WRIGHT-PATTERSON AIR FORCE BASE, Ohio, Oct. 18, 2006 – Many geographic regions, such as Iraq and Afghanistan, where Coalition Forces serve today are remote, mountainous and littered with potential enemy combatants.
Getting supplies to friendly troops in these areas is challenging at best, and often requires convoy movements across vast distances—sometimes on treacherous roads laden with improvised explosive devices.
However, some of those dangers are increasingly being minimized thanks to advancements associated with the Joint Precision Airdrop System, or JPADS.
JPADS is a parachute-based system currently in the concept-development phase that features GPS-guided steering mechanisms that direct the unit's rectangular parafoil to a desired point of impact.
The system allows cargo planes to more precisely deliver loads of supplies like ammunition, fuel, food and water precisely in most weather conditions and in a cost-effective manner from altitudes outside of the range of enemy fire.
Previously, aerial delivery primarily consisted of re-supply aircraft flying into remote or dangerous locations at altitudes of just a few hundred feet above the ground.
With JPADS, cargo planes can perform airdrop missions from a standoff distance of several miles and at heights in the tens of thousands of feet.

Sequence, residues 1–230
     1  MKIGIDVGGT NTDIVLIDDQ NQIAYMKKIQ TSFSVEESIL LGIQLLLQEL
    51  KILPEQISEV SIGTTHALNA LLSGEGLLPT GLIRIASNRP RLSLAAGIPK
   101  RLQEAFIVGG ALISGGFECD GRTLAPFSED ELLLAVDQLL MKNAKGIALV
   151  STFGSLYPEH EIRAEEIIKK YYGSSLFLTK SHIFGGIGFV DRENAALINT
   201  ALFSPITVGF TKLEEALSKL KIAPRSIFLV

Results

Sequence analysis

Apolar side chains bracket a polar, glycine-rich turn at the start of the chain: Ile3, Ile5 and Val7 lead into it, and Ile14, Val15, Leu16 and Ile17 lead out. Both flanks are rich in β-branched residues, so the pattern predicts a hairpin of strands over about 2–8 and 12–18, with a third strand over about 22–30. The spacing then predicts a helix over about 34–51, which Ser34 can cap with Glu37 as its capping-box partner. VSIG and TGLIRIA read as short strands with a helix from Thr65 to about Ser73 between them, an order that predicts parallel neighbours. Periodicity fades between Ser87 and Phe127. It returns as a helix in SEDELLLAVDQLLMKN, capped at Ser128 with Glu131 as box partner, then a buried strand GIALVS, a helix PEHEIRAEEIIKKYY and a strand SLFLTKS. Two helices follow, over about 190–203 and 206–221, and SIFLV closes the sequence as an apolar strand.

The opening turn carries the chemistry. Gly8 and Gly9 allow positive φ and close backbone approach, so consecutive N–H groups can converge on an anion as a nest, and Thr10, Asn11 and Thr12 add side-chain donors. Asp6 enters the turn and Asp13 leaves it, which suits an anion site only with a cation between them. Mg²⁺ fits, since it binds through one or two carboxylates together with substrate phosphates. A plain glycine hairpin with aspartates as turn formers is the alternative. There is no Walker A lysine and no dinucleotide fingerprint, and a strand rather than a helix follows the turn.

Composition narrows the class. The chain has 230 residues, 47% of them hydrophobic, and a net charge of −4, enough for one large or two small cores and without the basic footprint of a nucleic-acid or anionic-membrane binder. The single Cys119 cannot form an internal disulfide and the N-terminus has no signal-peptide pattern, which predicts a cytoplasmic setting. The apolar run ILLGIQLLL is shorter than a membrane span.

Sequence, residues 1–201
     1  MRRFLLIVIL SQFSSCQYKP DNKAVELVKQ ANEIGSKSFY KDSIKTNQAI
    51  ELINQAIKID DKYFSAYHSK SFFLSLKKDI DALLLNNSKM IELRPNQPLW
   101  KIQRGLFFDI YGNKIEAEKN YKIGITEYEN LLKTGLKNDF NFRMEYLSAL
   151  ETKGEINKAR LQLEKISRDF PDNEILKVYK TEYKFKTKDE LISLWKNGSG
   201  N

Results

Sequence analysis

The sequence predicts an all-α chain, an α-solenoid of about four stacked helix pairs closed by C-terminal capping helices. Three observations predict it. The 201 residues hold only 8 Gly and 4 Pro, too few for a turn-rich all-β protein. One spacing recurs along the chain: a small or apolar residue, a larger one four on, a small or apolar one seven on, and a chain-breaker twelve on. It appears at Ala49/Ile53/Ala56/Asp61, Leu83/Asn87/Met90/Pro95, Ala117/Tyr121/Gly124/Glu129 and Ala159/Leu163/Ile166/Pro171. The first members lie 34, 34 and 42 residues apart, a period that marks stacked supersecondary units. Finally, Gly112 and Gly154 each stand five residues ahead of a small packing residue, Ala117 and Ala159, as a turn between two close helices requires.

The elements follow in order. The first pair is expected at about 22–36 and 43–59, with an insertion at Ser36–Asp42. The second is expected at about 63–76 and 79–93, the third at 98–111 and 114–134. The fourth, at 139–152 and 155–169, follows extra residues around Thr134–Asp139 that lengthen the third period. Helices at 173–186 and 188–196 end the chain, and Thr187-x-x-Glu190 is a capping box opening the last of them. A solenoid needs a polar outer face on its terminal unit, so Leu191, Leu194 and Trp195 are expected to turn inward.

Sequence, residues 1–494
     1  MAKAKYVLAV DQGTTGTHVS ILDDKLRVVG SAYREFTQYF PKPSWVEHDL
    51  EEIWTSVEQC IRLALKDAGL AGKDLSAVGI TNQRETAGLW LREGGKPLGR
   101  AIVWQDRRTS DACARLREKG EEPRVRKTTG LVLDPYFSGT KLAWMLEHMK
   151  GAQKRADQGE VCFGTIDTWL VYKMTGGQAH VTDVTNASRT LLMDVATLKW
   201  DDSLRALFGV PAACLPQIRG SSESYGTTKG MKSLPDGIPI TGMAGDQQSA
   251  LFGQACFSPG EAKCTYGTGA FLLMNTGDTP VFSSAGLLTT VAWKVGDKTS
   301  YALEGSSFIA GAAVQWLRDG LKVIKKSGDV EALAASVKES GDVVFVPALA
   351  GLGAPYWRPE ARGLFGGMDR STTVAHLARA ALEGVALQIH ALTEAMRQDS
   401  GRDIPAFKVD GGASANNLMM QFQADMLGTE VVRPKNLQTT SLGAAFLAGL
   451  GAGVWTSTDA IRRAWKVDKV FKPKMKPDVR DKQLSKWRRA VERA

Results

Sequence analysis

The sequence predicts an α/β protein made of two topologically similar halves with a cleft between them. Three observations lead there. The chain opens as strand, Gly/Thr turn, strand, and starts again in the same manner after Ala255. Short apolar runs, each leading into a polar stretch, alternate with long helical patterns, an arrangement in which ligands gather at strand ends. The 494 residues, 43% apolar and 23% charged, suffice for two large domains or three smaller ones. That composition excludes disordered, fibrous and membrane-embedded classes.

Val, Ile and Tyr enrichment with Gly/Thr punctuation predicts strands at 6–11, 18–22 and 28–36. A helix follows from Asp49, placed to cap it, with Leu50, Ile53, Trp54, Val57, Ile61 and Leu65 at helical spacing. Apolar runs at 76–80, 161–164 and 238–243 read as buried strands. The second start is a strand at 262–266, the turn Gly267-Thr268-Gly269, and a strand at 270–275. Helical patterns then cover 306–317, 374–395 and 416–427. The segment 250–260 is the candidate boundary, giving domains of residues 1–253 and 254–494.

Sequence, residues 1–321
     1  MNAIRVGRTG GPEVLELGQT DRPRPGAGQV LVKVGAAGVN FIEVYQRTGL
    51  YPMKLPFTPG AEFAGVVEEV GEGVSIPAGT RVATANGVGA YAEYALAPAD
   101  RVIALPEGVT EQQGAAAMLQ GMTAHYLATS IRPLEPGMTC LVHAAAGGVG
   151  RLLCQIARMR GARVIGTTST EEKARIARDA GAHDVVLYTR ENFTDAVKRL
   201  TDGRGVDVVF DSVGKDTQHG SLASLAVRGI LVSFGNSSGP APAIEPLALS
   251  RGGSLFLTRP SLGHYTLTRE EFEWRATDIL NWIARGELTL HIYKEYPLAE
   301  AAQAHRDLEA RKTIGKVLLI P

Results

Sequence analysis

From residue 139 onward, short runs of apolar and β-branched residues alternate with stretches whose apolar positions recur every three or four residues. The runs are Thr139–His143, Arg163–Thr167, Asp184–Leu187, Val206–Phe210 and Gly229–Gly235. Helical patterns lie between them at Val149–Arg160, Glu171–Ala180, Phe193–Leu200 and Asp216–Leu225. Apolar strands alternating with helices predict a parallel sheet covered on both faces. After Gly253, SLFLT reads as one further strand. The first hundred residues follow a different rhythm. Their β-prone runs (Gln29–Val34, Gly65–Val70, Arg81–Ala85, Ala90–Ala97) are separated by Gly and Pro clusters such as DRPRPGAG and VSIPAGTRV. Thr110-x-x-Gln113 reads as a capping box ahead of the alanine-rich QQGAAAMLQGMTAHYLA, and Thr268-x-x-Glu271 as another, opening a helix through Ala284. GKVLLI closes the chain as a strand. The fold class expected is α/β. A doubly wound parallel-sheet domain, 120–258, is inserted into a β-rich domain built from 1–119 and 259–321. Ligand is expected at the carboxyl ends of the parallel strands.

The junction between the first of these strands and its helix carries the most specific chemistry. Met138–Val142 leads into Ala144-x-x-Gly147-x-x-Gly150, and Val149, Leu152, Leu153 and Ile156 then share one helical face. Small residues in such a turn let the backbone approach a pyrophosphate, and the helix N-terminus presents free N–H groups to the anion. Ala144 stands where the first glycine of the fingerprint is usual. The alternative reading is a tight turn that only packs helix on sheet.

Testing of the high-altitude precision airdrop system took place at the U.S. Army Proving Ground in Yuma, Ariz., Sept. 11-15 when C-130 crews from Little Rock Air Force Base, Ark., and Minneapolis-St. Paul Air Reserve Station, Minn., flew missions at more than 17,000 feet, dropping 2,000- and 10,000-pound GPS-guided pallets.
“We’re working on fielding an interim solution for the JPADS 2,000-pound system, then using what we learn here for a long-term solution (to use with larger, heavier loads),” said Army Maj. Paul Hopkins, assistant project manager for cargo aerial delivery at the U.S. Army PM-Force Sustainment Systems in Natick, Mass.
“The war on terror has given us a lot of great lessons learned and we’re getting a lot of great feedback about JPADS from the field,” he noted.
The jointly-developed 2,000-pound “Screamer” (so named because it falls at 100 mph) JPADS system was used in Afghanistan in August, even though it was still developmental.
“The system did exactly what it was designed for and delivered ammunition and water to ground troops here,” said Maj. Neil Richardson, chief of the combat programs and policy branch at Air Mobility Command.
JPADS is actually a system of systems consisting of a decelerator system tied to a container delivery system that interfaces with all cargo aircraft.